Growing tips for beginning gardeners
Having planted seeds and growing things for as long as I can remember, I am often surprised when someone asks me how they can get their own garden started. Whether it’s a container garden or a backyard plot, I suppose I just assume everyone knows how to put a seed into the soil, give it a bit of water and light and just wait.
But if you’ve never done it before, I suppose just getting started can be a little overwhelming. So I decided to devote this week’s column to explaining the basics. Those of you who are seasoned gardeners might enjoy the refresher course as well.
Most of the questions I get come from young people who live in apartments and don’t have a lot of space to plant a garden. Their first question is, ”Can I grow vegetables in containers?” When I tell them, of course you can, the second question is, ”How do I do it?” My first question to them is, ”What do you want to grow?”
With a little questioning, I often find that it isn’t the idea of putting a seed in soil that is overwhelming. It’s everything else, including location, light, watering habits, fertilizer and where to find the best seeds or plants. Here are a few tips for new gardeners.
First, decide what you want to grow. Do you want containers of flowers all over the place or are you really serious about growing vegetables that you want to eat? If so, which vegetables? Many do quite well in containers while others are best left to backyard gardens with lots of space, such as melons, squash and corn.
If you are planning to harvest enough for winter storage, and you don’t have a backyard garden, don’t expect to grow enough in containers to get you through the winter months. Your best bet would be to visit local farmers markets and buy as much produce as possible and preserve that. Container vegetable gardening, although fulfilling and fun, will probably only net enough to eat fresh while it’s growing, unless you have lots and lots of containers. If you have enough space for that many containers, you probably have enough space to plant a backyard garden.
Or you can consider joining a community garden. Many communities and some neighborhoods have sections of land plotted specifically for public gardens. You register with the person in charge, get a space assigned and it is your responsibility to plant and maintain your space. That includes cleaning it up at the end of the season so you, or someone else, has a fresh plot to begin with the next season.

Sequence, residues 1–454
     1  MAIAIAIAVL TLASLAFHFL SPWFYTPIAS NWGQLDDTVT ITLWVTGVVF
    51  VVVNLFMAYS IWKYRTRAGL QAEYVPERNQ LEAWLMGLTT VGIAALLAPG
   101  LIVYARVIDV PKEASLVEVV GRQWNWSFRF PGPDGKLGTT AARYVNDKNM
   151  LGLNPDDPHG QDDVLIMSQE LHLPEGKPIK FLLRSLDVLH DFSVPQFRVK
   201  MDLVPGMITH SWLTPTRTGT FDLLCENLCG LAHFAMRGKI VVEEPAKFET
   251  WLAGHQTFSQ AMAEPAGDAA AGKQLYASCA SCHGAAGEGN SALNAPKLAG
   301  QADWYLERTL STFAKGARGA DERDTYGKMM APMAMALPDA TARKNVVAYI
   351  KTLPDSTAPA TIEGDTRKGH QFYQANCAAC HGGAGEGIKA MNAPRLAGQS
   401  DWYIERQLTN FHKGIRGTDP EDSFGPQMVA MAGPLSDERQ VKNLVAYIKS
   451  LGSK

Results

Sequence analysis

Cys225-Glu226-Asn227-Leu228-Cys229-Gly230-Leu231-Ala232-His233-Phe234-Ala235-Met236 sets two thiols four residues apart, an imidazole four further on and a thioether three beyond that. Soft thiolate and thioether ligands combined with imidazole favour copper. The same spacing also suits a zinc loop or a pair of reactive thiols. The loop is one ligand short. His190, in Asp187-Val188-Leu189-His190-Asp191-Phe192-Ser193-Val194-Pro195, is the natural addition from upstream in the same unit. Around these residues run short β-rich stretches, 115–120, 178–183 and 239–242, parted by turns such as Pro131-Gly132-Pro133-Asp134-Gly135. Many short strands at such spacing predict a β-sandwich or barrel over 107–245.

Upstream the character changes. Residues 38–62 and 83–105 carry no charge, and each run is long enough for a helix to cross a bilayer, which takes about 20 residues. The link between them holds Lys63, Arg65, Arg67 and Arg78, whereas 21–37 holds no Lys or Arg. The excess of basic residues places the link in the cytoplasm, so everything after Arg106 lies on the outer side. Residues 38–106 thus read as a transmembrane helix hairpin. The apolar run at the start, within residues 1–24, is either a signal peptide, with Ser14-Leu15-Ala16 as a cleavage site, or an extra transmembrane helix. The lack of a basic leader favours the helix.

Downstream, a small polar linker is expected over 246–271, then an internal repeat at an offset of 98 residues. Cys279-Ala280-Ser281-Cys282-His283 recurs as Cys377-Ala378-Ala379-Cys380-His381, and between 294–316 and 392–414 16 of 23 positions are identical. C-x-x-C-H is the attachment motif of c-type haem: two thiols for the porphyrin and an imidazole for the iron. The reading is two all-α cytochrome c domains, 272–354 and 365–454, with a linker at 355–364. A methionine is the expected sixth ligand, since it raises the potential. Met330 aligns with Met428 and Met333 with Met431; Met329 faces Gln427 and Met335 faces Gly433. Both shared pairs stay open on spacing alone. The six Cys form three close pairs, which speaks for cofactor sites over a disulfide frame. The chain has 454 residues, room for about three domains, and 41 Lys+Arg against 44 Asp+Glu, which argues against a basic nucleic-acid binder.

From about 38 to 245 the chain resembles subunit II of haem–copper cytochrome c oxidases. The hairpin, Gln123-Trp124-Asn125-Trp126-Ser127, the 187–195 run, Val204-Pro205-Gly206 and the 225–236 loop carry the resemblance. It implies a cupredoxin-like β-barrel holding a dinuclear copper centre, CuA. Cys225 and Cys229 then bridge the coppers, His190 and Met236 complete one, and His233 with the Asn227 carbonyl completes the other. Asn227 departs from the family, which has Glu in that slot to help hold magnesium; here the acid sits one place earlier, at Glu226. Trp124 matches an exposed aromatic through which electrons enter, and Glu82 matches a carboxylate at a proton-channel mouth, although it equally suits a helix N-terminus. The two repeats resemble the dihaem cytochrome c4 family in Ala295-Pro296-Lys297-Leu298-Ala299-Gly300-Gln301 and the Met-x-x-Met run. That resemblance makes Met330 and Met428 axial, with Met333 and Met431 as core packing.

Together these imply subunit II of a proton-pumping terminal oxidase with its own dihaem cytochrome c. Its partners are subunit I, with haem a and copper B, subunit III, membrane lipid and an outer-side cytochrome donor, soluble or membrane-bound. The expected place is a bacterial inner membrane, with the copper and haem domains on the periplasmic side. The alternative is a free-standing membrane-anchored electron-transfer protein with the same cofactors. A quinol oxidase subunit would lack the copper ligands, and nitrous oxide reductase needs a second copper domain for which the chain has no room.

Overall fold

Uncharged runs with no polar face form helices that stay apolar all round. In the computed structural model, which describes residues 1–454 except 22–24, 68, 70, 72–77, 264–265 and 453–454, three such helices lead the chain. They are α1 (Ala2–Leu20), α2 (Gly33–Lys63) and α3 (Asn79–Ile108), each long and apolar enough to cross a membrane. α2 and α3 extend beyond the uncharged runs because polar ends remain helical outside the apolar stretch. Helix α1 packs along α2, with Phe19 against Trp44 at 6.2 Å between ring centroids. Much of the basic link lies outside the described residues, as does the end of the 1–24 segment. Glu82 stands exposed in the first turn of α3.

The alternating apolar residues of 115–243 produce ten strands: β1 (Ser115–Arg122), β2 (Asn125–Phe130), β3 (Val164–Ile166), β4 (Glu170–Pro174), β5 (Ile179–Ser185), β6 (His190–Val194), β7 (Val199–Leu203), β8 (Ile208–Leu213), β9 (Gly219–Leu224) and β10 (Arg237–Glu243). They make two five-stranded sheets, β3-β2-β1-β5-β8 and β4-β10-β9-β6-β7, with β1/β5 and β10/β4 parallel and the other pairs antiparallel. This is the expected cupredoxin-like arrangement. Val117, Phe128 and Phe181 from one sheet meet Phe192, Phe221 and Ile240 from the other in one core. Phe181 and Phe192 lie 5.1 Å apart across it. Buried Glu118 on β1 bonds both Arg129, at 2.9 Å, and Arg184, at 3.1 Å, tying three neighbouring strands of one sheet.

When choosing containers for your garden, it can’t be stressed enough that your containers have drainage holes. Plants that sit in water-logged soil will rot and develop fungal diseases. Once a plant has been attacked by one predator, other insects or diseases will sense this weakness and will attack as well. Sick plants can be suffering from more than one problem at the same time.
Seeds versus plants is another question I often hear. Seeds need only three things: soil, water and light. While soil and water are easy to come by any time of the year, light is a little more difficult until they can be moved outdoors in direct sun. If there is enough space inside, however, seeds can be successfully started under fluorescent lights. The light shouldn’t be more than two inches from the top of the container or, after germination, the top of the seedling. Seeds also shouldn’t be started too soon. Six to eight weeks before they are moved outdoors is adequate time for a young seedling to grow strong enough, so be sure to check the seed packet for the proper length of time to plant seeds before moving outdoors.
Not all plants have to wait until the last frost before they can go outdoors. Cool weather crops, such as lettuce, spinach, peas and spring greens, are among several.
A fun thing to do with container plants is to mix and match, and this includes vegetables. For example, a large container with vining peas in the center surrounded by a mixture of spring greens is a good way to save space.
I’ve been discussing gardening in containers quite a lot lately and plan to continue in future columns with topics on fertilizing, weeding and how a beginning gardener can easily plant a backyard garden.